But John Charles McQuaid, Archbishop of Dublin from 1940 to 1973, has become the object of a much fiercer controversy in death than he created in life. A book on sale in Dublin tomorrow depicts the puritanical prince of the church, the man who almost collapsed at the sight of a naked mannequin in the window of a Dublin department store, as a homosexual voyeur with strong paedophilic tendencies.
The raunchier extracts of John Charles McQuaid, Ruler of Catholic Ireland have hit the Irish newspapers, drawing predictable letters from outraged lay Catholics and church leaders. Many see the book as another poisoned dart from the chattering classes of Dublin 4 - the south city postcode which conjures up much the same image in Ireland as Hampstead Socialist in Britain - who will not rest until they have dynamited every pillar propping up the traditional Catholic state.
The church is already nettled over John Cornwell's new book Hitler's Pope, which portrays the Second World War pontiff Pius XII as an anti- Semite with Nazi sympathies. But Cornwell is English, a point much belaboured by the Catholic press here, as if to suggest nothing better could be expected from that den of iniquity.
What hurts is that the man who would bury McQuaid's reputation, John Cooney, is one of their own, a good Catholic from Glasgow who has lived in Ireland for years. Much of the book's content, though not the murky account of the archbishop's alleged fumbling with a schoolboy in the upper room of a Dublin pub, may seem more tragi-comic than terrifying. The archbishop in his eyrie on the cliffs, with his eye trained through a telescope on the couples frolicking on Killiney beach, seems more of a sad case than a monster.
Even the story of the archbishop telephoning the head of programmes on Radio Eireann to complain about the words of a Cole Porter song, which appeared to condone "conditional love", has a quaint, otherworldly air about it (even if the presenter was hauled over the coals for allowing it to go on the air and offending such an important listener).
There is more than a whiff of Father Ted about the archbishop - or the archbigot of Dublin, as one wit dubbed him - who was so obsessed with underwear and genitalia that his trainee priests came to dread the inevitable one-to-one discussion on masturbation and what soap they used to clean their private parts.
But Dubliners do not seem to find it funny. When the book came up for discussion on television's Questions and Answers, Ireland's answer to Question Time, the entire panel, including the newly elected Dublin Labour MP Mary Upton, was reduced to embarrassed silence.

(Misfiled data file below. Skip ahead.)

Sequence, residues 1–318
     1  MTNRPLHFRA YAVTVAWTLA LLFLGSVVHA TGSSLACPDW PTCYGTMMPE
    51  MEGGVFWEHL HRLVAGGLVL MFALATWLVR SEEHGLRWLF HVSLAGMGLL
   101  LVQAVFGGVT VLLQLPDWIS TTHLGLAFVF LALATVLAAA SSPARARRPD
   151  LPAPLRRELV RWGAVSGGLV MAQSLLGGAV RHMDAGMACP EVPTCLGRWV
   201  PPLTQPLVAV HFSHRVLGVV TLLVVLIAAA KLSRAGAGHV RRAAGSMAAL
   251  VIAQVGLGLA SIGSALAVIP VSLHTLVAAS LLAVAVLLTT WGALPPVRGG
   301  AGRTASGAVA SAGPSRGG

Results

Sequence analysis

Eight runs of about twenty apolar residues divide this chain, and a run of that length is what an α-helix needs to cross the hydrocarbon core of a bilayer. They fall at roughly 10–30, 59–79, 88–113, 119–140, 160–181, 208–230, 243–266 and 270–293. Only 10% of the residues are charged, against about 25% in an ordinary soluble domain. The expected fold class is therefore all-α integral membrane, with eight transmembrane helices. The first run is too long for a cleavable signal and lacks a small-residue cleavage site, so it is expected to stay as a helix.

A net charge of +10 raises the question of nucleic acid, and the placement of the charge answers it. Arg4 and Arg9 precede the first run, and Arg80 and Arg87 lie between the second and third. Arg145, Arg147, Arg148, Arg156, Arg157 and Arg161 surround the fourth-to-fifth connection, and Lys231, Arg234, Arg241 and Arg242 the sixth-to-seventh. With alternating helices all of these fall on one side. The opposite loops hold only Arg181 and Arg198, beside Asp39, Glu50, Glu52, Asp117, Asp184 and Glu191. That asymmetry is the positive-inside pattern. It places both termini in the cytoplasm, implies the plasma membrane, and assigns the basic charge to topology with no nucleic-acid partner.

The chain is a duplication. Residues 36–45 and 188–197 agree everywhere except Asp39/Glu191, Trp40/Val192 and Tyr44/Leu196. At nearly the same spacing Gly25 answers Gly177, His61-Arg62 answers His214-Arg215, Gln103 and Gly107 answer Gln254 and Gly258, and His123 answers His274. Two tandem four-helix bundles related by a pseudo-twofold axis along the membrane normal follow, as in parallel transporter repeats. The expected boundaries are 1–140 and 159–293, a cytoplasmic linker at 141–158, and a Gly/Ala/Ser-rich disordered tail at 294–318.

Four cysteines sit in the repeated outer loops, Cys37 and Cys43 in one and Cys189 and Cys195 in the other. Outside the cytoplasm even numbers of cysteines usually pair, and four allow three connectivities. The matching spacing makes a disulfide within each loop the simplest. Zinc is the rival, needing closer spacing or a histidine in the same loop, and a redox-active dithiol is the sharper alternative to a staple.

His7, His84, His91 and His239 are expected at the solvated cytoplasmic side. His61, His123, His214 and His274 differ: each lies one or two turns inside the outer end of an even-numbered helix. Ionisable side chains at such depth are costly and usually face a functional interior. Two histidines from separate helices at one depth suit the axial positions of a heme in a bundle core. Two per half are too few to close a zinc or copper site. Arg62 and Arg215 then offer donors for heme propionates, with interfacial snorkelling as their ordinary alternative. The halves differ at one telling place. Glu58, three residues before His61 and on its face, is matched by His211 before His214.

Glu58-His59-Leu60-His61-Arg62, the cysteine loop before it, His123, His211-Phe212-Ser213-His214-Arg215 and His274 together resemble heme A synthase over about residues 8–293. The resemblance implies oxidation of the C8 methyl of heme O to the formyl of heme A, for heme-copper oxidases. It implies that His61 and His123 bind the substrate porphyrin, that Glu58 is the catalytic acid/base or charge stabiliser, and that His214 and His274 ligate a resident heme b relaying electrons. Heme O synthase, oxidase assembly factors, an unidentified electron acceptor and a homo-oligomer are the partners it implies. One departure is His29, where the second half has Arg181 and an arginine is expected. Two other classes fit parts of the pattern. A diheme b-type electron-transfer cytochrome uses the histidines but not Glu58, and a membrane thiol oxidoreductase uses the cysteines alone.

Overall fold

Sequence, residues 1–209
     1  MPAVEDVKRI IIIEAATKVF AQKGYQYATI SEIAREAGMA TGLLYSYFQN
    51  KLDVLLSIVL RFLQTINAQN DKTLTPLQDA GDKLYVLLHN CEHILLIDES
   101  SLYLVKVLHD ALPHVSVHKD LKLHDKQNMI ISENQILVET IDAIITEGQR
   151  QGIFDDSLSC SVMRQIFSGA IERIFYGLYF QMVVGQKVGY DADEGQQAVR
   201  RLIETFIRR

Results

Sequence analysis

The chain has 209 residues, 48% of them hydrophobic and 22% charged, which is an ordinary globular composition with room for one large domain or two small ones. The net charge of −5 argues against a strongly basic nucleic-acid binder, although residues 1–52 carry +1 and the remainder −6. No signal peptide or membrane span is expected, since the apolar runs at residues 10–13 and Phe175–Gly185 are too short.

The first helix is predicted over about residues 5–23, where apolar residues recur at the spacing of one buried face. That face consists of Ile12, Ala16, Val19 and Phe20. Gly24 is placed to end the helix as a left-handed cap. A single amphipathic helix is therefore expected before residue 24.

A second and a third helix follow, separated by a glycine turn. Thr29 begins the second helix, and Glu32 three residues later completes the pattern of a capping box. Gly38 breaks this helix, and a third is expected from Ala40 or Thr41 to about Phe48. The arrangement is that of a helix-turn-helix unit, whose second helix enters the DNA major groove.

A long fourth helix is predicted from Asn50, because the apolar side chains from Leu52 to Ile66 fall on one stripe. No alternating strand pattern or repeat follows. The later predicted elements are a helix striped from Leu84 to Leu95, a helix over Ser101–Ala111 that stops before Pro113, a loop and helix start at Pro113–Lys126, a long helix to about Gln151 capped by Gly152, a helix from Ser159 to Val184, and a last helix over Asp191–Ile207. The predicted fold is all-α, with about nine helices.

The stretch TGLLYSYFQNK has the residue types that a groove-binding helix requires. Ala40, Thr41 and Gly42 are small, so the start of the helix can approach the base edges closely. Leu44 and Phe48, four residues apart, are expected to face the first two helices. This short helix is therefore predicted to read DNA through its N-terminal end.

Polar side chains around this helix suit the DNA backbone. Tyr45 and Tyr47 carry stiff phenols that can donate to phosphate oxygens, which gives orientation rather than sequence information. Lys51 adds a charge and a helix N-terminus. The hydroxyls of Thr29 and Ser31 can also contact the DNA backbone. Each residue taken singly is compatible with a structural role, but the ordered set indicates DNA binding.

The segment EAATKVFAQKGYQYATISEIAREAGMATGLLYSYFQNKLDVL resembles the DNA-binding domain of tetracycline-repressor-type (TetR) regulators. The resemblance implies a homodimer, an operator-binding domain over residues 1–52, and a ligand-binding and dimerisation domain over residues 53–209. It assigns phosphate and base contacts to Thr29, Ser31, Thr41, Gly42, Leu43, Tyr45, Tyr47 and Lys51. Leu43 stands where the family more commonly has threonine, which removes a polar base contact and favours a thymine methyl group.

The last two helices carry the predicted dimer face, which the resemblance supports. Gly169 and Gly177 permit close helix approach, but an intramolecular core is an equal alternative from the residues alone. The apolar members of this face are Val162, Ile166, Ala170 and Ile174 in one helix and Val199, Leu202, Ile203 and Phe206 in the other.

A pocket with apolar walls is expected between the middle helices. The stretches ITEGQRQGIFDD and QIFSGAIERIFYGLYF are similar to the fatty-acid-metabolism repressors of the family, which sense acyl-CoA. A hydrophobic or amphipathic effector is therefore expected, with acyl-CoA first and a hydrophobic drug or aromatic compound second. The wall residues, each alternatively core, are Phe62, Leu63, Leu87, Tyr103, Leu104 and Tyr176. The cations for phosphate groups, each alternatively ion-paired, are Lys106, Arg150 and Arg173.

No one wanted to comment, and that discussion stopped stone dead in the water. Partly that is because the Irish genuinely despise the "what the butler saw" mentality of the British media and its seeming obsession with bedroom farce.
"There is no real public demand here for intrusive reporting on the private lives of public figures," said a journalist. "There is a demand for outing and punishing those involved in financial scandals."
But the reticence about Archbishop McQuaid touches a deeper chord in the national psyche, and not just because the urban sophisticates of Dublin think the correct way to respond to reports of their leaders' sexual peccadillos is with a Gallic shrug.
McQuaid is the pre-eminent symbol of an old Ireland which a newer generation, especially in Dublin, wants to forget. To them, he was the eminence grise of a darker land, fearful and sordid as well as holy, which flocked to mass on Sundays and sent its teenage daughters to Britain for abortions.
The new Dubliners are self-consciously "modern" and European in a way their British counterparts are not, or do not feel the need to be. To the Dubliners the memory of how their parents' lives were tied to the girdles of the clergy is, at the least, uncomfortable.
The added and entirely unwelcome revelation that the man over whom Irish presidents and prime ministers fawned was the prisoner of such unsavoury fantasies is a source of shame. The youngsters can afford the Gallic shrug. To many over 40, the world of John Charles McQuaid is too recent to evoke laughter.
A retired school teacher in Dublin had an unmarried nanny for her children in the early Sixties who became pregnant. The parish priest told her she would have to send the nanny away to avoid scandal.
With much regret, she did. "To this day, my children say it was monstrous. `How could you have done such an awful thing?' they say. They don't realise it was really another time, another world."Reuse content